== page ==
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When pressure was on, wrestler achieved goals

Omar Mubaidin started out wrestling for fun and ended up his senior year third in the state.

By TERRY JONES
© St. Petersburg Times
published March 14, 2003


CITRUS PARK -- Wrestling was a new sport for Omar Mubaidin, a source of fun and friends in his freshman year at Sickles High. As a member of the Gryphons junior varsity, he could learn and compete with no pressures. He did well in competition.

So well, in fact, he earned a spot on the starting varsity lineup as a sophomore. That was a personal goal achieved, but it carried a price.

"I felt pressured to win and although I had good developing skills, the pressure was something I was unaccustomed too and I couldn't get into it mentally," he said. "I couldn't get the right mind-set and actually wanted to quit. But I started working out more with the club after the season."

The "club" to which he refers is the off-season Guardian Wrestling Club, operated by coach Terry Brockland, parents and former Sickles wrestlers. With the help of Brockland and encouragement from his parents and teammates, Mubaidin saw his attitude improve. He turned in a super year as a junior, going undefeated in dual matches. He won the district championship and came just one match short of qualifying for the state tournament.

He finished his senior season third in the state tournament on March 1 at 171 pounds in the Class 2A championships. For the year, his record was 41-7 with 21 pins.

The 17-year-old Citrus Park resident will finish with a 5.86 GPA and is the salutatorian for his class.

"He has been one of the hardest workers in the practice room for four years and an excellent team leader," Brockland said. "When someone on the team misses or is late for practice, we make them stay after practice and work out more. It is a disciplinary thing, but the kids all go along with it. No matter who it is, Omar always stays late and works out with them."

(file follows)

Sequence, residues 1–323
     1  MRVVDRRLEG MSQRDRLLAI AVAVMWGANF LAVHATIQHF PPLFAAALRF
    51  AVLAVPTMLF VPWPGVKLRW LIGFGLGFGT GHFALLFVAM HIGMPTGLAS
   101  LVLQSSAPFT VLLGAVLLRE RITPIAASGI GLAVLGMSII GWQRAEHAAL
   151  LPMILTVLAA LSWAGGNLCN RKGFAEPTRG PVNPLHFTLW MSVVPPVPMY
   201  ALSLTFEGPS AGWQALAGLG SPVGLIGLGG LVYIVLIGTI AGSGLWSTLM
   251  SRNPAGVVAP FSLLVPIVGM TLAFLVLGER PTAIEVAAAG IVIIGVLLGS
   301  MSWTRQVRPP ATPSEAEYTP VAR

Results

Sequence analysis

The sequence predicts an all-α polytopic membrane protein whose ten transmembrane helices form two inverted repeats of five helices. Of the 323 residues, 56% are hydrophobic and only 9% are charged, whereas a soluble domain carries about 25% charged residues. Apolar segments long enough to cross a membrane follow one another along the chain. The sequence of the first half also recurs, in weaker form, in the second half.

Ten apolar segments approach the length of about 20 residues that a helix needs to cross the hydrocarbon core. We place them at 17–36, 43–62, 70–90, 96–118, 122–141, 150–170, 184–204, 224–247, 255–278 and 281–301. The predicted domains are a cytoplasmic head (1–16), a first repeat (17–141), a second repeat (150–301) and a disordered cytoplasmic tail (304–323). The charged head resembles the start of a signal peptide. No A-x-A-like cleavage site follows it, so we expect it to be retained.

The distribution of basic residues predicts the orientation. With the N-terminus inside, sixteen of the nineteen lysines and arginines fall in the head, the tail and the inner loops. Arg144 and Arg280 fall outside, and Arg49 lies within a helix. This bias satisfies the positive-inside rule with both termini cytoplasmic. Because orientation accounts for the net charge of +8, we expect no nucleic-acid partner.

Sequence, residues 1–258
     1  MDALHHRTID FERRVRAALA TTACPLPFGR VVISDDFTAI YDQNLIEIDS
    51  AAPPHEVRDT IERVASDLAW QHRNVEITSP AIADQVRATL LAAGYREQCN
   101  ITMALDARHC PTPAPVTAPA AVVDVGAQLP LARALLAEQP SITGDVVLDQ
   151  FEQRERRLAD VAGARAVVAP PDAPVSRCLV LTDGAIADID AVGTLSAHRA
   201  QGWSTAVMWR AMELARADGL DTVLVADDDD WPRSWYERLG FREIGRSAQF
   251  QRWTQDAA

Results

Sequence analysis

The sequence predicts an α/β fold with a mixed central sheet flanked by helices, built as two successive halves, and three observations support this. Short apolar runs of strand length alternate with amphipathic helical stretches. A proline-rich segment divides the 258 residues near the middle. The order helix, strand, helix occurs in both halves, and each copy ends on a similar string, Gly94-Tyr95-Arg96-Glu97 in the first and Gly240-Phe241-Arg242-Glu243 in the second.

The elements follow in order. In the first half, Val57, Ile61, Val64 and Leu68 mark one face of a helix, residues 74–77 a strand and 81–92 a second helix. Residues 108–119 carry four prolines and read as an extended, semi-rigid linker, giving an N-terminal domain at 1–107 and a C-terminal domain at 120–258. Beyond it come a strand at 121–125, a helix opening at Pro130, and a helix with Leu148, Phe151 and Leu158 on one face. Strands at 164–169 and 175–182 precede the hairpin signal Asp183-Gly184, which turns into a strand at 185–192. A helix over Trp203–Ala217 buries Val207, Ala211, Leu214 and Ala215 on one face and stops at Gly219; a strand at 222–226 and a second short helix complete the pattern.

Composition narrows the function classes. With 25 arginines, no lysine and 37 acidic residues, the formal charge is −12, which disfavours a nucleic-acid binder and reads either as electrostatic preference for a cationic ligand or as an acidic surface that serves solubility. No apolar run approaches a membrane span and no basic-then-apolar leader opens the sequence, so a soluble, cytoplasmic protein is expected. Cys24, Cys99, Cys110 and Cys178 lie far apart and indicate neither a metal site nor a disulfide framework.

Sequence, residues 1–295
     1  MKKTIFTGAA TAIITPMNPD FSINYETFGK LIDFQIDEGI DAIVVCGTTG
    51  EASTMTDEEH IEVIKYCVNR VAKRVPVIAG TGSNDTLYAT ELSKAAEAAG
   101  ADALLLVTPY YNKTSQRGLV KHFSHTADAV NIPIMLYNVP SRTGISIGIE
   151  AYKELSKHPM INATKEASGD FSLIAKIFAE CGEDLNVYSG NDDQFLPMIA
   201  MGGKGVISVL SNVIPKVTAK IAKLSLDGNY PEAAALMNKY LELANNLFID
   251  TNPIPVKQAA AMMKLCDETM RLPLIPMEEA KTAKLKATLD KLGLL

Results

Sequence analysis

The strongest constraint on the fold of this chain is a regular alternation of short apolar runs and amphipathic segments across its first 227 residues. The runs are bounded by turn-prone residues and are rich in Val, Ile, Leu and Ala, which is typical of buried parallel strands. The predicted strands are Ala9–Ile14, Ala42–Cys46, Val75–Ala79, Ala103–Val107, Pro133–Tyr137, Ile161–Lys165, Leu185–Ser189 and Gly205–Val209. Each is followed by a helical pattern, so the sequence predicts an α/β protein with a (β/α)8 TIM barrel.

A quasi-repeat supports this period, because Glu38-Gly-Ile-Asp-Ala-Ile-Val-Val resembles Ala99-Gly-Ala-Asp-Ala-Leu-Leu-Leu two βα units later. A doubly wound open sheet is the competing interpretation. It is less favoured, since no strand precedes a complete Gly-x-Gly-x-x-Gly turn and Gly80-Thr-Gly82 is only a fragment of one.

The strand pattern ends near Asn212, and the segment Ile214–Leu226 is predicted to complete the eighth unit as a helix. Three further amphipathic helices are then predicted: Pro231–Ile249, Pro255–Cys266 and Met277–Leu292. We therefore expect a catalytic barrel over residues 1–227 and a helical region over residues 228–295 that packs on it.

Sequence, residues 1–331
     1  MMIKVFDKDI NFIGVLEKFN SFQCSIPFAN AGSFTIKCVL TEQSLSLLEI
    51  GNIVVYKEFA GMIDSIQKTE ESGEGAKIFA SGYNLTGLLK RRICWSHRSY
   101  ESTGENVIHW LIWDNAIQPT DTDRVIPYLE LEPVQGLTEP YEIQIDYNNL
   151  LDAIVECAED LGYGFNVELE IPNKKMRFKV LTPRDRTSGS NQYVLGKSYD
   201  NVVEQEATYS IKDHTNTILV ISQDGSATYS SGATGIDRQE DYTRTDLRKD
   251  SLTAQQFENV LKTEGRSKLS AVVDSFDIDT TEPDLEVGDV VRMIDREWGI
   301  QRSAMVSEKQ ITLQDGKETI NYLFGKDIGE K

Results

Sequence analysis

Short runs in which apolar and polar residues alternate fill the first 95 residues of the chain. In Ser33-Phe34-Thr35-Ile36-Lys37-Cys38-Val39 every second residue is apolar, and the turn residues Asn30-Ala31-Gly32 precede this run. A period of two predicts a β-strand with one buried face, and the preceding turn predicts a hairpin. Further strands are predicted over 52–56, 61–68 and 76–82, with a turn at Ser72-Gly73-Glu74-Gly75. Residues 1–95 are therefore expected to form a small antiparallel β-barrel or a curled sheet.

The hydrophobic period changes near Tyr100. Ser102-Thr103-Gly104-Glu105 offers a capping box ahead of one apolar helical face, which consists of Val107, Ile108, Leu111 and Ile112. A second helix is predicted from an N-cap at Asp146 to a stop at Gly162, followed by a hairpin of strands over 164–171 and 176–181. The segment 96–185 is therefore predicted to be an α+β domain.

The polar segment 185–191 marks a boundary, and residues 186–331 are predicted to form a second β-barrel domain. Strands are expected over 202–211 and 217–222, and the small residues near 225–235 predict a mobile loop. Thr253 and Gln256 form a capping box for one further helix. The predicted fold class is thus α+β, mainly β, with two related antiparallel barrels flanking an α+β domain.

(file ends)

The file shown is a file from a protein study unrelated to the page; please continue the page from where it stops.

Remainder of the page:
Mubaidin never doubted his ability to finish third. Even when he was down by as many as three or four points in some of his tough matches, he was confident and came back.

"I didn't think I could win the state championship, but I felt third was realistic all along," he said. "Please don't think I am bragging, because it was hard work and there were some great wrestlers in the state tournament. I just believed I was capable, if I really did my best."

Mubaidin said that strong support for his athletic and academic pursuits comes from his parents: Elaine, an Italian-American from Brooklyn; and Hisham, who is from Jordan.

"I have the best of two worlds," Mubaidin said. "We are Islamic, but I have to do most of my religious studies on my own at home. I have a very busy schedule."

Between now and graduation, Mubaidin has several things on his plate, including some schoolwork that he fell behind on during the team's trip to the state tournament.

Then he is off to the University of South Florida pre-med program.

"My mind needs to catch up and my body is tired and needs some rest, so I am going to take some down time," he said.

"One thing I need to say, though, is whatever I have accomplished, it was not me alone. I have understanding teachers, skilled coaches and the best teammates around. Then there was all the support, not just from my parents, but all the parents of the team who helped."

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